An interim legislative panel in Kansas is calling for legislation to get tough with people potentially driving under the influence of drugs when they were involved in wrecks that result in injuries.
The House-Senate Judiciary Committee voted to recommend a bill during the 2008 regular session that would mandate roadside drug testing of drivers by use of an oral swab at wreck scenes where there was an injury or a death.
Supporters say the requirement is needed because of several recent fatal traffic incidents where people who caused the wrecks were not tested for drug use. Opponents say requiring a swab test is an infringement on an individual’s rights of privacy.
Advocates for the stricter rule also say if the presence of drugs is detected with oral swabs, probable cause could exist to get a search warrant for a blood sample.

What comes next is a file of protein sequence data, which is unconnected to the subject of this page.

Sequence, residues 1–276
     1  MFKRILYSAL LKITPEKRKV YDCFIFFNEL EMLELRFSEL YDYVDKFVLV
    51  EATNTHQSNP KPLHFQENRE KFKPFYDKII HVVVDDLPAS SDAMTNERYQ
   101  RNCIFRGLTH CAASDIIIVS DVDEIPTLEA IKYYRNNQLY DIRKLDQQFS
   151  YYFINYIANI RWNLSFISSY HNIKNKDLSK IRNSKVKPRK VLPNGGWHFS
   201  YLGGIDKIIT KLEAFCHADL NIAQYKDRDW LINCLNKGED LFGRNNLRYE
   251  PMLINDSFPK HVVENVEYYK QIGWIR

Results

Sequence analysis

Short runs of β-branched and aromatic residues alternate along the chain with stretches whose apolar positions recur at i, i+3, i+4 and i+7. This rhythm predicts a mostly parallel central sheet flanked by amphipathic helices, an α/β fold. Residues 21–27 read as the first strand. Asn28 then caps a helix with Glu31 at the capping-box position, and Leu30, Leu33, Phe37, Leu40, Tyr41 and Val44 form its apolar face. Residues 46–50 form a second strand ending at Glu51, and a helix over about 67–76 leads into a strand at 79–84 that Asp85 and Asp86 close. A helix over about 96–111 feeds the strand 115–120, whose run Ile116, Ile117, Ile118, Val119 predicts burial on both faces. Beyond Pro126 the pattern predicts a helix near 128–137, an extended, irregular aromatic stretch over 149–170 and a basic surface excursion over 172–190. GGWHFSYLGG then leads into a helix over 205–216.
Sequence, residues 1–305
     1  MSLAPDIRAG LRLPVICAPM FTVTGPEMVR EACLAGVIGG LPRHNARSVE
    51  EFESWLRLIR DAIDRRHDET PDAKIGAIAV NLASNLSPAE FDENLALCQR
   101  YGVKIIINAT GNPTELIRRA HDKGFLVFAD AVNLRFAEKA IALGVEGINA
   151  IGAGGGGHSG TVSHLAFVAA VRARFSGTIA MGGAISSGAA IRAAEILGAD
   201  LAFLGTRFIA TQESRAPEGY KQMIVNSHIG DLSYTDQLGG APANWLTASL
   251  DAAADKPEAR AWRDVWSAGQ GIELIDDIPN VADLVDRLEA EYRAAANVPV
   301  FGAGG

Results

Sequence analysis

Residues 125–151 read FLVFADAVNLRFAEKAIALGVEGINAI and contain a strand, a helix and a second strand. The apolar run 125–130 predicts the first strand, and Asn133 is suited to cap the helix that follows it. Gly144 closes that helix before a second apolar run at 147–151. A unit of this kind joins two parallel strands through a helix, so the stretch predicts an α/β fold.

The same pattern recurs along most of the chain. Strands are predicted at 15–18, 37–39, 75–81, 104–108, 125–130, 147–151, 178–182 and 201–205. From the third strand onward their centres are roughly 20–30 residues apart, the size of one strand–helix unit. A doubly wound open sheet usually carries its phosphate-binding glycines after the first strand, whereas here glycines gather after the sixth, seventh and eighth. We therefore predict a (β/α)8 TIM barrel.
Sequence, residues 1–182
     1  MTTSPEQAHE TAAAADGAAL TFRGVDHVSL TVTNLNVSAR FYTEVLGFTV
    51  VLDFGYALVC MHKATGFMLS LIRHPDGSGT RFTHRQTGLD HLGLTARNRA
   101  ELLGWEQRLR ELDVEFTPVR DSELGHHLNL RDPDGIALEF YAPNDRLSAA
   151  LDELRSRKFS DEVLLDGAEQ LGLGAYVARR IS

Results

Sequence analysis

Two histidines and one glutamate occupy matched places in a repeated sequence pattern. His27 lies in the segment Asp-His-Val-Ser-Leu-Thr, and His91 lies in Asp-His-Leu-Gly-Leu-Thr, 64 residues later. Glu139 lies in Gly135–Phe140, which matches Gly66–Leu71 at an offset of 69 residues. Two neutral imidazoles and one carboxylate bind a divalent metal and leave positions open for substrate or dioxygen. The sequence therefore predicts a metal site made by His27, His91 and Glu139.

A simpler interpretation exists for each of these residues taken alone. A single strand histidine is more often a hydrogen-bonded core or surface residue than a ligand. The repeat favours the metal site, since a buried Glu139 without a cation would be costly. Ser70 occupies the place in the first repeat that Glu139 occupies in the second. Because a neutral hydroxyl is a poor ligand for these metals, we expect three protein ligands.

The proposed legislation would allow a person to refuse to submit to the test, but they would lose their driving privileges for one year. The bill can be considered once the 2008 session begins in January.
Kansas law now authorizes up to one year in jail and a $2,500 fine for vehicular homicide, the Lawrence Journal-World newspaper reported.
To view other legislative activities of interest for Kansas in 2007, click here.
– By Keith Goble, state legislative editor